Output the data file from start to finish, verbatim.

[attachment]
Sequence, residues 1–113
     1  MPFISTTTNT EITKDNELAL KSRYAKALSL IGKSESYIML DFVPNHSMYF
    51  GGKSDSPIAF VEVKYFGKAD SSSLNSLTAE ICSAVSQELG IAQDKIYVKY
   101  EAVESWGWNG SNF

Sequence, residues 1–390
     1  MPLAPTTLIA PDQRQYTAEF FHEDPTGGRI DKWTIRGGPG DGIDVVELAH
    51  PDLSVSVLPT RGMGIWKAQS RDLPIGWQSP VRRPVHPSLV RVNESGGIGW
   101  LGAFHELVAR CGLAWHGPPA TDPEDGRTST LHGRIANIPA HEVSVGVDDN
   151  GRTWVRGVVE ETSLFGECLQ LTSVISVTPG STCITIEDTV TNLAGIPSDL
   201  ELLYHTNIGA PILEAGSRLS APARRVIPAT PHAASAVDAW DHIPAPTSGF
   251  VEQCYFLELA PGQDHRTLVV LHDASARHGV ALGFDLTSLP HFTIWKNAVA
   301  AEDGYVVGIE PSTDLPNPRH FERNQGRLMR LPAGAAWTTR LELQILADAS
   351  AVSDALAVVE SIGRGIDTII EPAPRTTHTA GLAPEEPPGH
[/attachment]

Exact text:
Sequence, residues 1–113
     1  MPFISTTTNT EITKDNELAL KSRYAKALSL IGKSESYIML DFVPNHSMYF
    51  GGKSDSPIAF VEVKYFGKAD SSSLNSLTAE ICSAVSQELG IAQDKIYVKY
   101  EAVESWGWNG SNF

Sequence, residues 1–390
     1  MPLAPTTLIA PDQRQYTAEF FHEDPTGGRI DKWTIRGGPG DGIDVVELAH
    51  PDLSVSVLPT RGMGIWKAQS RDLPIGWQSP VRRPVHPSLV RVNESGGIGW
   101  LGAFHELVAR CGLAWHGPPA TDPEDGRTST LHGRIANIPA HEVSVGVDDN
   151  GRTWVRGVVE ETSLFGECLQ LTSVISVTPG STCITIEDTV TNLAGIPSDL
   201  ELLYHTNIGA PILEAGSRLS APARRVIPAT PHAASAVDAW DHIPAPTSGF
   251  VEQCYFLELA PGQDHRTLVV LHDASARHGV ALGFDLTSLP HFTIWKNAVA
   301  AEDGYVVGIE PSTDLPNPRH FERNQGRLMR LPAGAAWTTR LELQILADAS
   351  AVSDALAVVE SIGRGIDTII EPAPRTTHTA GLAPEEPPGH